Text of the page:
The juicy lawsuit between Uber and Alphabet's Waymo over the alleged theft of trade secrets will continue to play out in the public eye — something Uber had sought to avoid.
On Thursday evening, Judge William Alsup denied Uber's request to move the case to private arbitration and referred the lawsuit to the U.S. attorney for investigation. In a sealed opinion, Alsup also granted a partial injunction against Uber.
Waymo had sought an injunction that could have required Uber to cease its self-driving car endeavors as the litigation played out in court.
"This was a desperate bid by Uber to avoid the court's jurisdiction. We welcome the court's decision today, and we look forward to holding Uber responsible in court for its misconduct," a Waymo representative told NBC News in a statement.
An Uber representative said in a statement it was "unfortunate that Waymo will be permitted to avoid abiding by the arbitration promise it requires its employees to make."
"We remain confident in our case and welcome the chance to talk about our independently developed technology in any forum," the statement said.
What's at Stake
The lawsuit centers around whether Anthony Levandowski, who used to work at Google's self-driving car division (now known as Waymo) and had led Uber's self-driving ambitions, left the company with trade secrets. Levandowski is not named in the lawsuit but has remained a key figure in the proceedings.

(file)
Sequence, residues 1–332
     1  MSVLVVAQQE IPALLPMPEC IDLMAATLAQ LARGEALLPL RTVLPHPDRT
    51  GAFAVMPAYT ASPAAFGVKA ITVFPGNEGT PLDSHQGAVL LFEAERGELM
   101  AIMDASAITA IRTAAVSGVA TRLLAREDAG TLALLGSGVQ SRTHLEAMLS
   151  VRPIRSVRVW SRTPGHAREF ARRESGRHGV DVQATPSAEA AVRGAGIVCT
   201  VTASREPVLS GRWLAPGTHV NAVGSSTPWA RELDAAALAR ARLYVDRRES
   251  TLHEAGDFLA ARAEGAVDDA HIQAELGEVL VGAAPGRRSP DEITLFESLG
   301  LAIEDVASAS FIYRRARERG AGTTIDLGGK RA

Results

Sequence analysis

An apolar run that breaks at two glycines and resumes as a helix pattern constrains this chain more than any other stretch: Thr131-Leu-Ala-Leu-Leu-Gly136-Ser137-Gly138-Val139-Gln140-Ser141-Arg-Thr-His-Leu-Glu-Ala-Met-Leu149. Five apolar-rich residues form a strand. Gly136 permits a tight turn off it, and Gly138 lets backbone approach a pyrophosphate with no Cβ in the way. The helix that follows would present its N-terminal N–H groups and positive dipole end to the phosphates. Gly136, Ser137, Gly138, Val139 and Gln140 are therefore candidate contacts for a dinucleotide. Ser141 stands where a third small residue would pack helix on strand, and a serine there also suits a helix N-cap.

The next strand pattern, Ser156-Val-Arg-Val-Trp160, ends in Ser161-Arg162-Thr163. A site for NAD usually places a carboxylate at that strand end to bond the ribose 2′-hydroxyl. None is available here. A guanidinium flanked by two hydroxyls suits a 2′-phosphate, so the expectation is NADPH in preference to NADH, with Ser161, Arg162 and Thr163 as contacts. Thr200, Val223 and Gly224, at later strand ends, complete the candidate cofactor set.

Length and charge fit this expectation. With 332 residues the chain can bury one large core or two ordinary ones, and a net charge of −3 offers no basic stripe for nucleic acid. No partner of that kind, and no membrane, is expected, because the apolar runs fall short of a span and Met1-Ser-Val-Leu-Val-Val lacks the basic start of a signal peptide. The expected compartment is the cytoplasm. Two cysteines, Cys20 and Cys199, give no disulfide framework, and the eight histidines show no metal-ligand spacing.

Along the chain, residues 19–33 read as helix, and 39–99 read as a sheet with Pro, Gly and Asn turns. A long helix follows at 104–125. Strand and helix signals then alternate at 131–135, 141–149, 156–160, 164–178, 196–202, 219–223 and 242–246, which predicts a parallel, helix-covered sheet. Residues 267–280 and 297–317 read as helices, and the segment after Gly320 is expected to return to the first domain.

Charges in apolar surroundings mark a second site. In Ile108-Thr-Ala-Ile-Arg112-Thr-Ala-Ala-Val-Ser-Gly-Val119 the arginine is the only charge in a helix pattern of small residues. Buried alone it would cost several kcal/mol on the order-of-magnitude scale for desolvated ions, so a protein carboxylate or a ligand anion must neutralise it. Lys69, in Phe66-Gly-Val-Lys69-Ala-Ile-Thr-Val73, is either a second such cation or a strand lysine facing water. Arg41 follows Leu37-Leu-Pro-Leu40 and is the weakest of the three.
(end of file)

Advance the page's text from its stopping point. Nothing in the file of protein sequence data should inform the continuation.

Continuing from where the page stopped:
After leaving Google last year, Levandowski's self-driving truck start-up, Otto, was soon acquired by Uber — which, Waymo alleged in court proceedings, was a ruse to help Uber get its hands on Google's self-driving secrets.
Uber announced in April that Levandowski would be taking a back seat, stepping down from his role leading the self-driving division. However, he remains heavily involved in day-to-day activities, but with one caveat. He'll no longer work on LiDAR-related activities. Some critics have said the move is just about "optics."
LiDAR technology, which is one of the key parts of a lawsuit Waymo has leveled against Uber, relies on laser beams to bounce off a car's surroundings, essentially helping the self-driving car to "see" other cars, pedestrians and obstacles in its path.
In an email to employees announcing the change, Levandowski said he hopes his removal from all LiDAR projects will help "keep the team focused on achieving the vision that brought us all here."
With the case now being referred to the U.S. Attorney's Office, it's highly likely the nastiest rivalry in Silicon Valley will only continue to get more heated.